Turned into Collections 9 days after Making a Payment

by Jered
(Coos Bay Oregon)

When I was 16 I opened a tire account with a local tire store and signed a contract. 10 years later after always making my monthly payment and paying my bill I was turned into collections 9 days after making a payment. I obtained my payment record from the collection agency and the tire company shows that I haven't made a payment for a year and a half. the collection agency told me on the phone that If I can prove that I was a minor when the contract was signed that I wouldn't have to pay the collection fee or the interest. i did so and then their story changed. now they are taking me to small claims. Will I be obligated to pay these outrageous fee's and interest on a contract that was clearly signed by a minor? And turned over to collections without my account even being past due?

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Jul 05, 2010
Sued for a debt made to a minor
by: Gerri & Mary


While it's true that contracts against minors are often not enforceable, it's also our understanding that generally a minor must void the contract before he or she turns 18 or soon after. If we understand you correctly, you are now 26 years old and you've been paying on this contract for 10 years. That may eliminate that defense. However, we are not attorneys and we certainly don't want to take this as legal advice.

It also appears that there was some kind of billing error that resulted in your payments not being properly credited to your account. Were you receiving monthly statements? Did you notice that your payments were not being properly credited? You do have the right under the federal Fair Credit Billing Act to file a dispute if your payment on your credit account is not properly credited, but there is a time limit on that.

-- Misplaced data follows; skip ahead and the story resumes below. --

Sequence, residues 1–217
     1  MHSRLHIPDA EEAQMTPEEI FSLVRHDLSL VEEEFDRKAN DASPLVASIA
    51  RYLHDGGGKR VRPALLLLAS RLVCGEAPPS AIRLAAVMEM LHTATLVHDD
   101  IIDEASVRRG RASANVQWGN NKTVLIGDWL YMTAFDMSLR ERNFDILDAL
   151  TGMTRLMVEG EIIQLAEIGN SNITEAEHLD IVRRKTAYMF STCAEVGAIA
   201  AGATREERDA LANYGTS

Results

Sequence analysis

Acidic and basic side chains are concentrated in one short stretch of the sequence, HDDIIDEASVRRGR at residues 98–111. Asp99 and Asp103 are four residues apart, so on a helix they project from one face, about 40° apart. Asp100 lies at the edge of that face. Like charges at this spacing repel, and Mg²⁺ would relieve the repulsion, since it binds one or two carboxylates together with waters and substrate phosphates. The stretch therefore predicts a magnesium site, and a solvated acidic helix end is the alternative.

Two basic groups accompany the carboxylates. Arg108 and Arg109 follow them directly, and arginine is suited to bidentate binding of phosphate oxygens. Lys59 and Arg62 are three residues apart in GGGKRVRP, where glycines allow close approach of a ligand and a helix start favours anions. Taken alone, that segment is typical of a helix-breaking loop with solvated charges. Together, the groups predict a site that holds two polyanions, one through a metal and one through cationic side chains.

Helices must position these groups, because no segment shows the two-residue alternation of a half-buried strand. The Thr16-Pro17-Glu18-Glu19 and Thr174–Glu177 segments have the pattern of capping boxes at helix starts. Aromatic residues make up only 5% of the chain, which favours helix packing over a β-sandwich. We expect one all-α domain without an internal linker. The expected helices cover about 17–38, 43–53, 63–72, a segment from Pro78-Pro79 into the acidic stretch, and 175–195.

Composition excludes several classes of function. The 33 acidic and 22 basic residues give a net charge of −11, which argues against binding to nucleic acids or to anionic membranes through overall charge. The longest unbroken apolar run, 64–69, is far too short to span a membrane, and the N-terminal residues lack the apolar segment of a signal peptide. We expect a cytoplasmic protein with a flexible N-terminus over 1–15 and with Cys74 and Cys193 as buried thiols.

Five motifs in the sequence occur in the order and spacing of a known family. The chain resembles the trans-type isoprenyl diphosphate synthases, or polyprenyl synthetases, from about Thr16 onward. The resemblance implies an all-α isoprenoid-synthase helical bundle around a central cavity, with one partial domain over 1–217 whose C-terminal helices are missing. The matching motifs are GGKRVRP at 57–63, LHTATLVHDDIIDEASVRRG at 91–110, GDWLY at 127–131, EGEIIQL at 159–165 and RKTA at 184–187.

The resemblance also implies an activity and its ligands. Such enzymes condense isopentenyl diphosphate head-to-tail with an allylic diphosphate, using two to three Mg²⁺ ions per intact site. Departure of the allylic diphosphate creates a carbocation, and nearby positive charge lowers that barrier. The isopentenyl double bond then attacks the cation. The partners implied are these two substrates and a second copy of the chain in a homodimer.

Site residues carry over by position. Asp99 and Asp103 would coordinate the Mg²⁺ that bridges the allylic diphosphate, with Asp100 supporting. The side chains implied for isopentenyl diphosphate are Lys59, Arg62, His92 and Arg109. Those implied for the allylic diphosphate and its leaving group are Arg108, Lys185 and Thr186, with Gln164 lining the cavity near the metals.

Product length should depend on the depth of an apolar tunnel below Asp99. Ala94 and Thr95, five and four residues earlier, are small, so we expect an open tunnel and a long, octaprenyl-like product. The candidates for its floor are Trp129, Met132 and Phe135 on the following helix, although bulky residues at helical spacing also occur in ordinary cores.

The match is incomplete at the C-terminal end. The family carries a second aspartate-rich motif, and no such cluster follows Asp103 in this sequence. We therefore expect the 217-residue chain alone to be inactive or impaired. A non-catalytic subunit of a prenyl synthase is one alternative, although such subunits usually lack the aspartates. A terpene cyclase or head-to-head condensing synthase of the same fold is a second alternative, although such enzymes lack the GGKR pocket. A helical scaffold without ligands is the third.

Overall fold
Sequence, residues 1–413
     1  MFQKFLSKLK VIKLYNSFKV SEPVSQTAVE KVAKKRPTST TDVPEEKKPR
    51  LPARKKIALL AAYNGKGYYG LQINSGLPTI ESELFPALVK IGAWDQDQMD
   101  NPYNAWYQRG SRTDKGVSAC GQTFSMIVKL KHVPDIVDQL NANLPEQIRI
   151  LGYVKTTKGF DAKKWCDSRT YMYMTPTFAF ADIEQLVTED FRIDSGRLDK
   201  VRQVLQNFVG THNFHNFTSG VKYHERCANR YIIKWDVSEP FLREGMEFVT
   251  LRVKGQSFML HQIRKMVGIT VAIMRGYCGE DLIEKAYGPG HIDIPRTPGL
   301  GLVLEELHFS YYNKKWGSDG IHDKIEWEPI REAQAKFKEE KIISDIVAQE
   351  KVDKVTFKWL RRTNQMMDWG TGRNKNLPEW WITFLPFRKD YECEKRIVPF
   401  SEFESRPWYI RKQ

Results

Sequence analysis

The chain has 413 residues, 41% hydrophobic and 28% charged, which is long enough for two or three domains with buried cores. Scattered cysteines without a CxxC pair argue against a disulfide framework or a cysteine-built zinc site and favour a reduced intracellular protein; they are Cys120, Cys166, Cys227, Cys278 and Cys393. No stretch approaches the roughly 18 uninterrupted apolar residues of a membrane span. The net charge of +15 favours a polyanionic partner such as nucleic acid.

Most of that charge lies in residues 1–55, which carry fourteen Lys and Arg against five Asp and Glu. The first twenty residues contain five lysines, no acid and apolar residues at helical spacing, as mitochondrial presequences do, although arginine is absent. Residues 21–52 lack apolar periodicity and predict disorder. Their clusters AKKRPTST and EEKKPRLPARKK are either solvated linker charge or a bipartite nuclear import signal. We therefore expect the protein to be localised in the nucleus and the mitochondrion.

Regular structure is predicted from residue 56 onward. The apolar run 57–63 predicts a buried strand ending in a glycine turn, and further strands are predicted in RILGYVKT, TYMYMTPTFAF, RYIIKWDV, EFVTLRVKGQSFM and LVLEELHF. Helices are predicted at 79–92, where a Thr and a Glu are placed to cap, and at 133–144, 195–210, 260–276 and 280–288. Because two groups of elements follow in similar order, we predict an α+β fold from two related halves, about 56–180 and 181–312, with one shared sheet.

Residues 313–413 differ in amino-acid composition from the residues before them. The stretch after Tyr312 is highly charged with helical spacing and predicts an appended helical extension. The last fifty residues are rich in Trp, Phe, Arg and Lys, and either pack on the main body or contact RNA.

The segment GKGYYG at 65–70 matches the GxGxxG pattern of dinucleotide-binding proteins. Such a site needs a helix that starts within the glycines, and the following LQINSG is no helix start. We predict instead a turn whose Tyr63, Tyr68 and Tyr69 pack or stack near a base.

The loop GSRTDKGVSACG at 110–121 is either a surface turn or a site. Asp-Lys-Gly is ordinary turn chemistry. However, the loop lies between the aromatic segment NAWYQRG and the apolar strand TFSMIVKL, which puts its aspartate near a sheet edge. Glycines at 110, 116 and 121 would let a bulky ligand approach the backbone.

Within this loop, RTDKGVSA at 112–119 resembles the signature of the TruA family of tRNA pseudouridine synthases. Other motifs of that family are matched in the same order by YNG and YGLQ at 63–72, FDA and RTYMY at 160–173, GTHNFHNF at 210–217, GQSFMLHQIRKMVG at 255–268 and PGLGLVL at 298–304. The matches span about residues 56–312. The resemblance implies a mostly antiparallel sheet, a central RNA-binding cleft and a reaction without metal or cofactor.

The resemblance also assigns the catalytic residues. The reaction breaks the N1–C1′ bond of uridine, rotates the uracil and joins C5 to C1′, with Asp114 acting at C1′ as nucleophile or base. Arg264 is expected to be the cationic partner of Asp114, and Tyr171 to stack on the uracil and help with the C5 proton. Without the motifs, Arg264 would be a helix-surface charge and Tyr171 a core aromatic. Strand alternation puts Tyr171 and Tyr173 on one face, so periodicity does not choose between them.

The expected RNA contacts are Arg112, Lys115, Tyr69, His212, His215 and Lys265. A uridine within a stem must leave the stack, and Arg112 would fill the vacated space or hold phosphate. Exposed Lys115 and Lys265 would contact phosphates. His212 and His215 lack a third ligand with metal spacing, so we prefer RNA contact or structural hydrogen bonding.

We see two options for you here. One would be for you to consult a consumer law attorney who can tell you whether or the contract was enforceable and whether the collection agency may be breaking the law in its attempts to collect from you. Find out how to get FREE or low cost legal advice about debt collection from a consumer law attorney here.

Your other option would be to show up in court when you are sued. Bring copies of any information you have to show that you were making monthly payments as agreed, as well as any other documentation you may have that backs up your side of the story.

Personally, we would suggest you go ahead and at least talk with a consumer law attorney to find out what your rights are. We would be very interested in hearing how this turns out. If you get a chance, come back and follow up using the comments link below.

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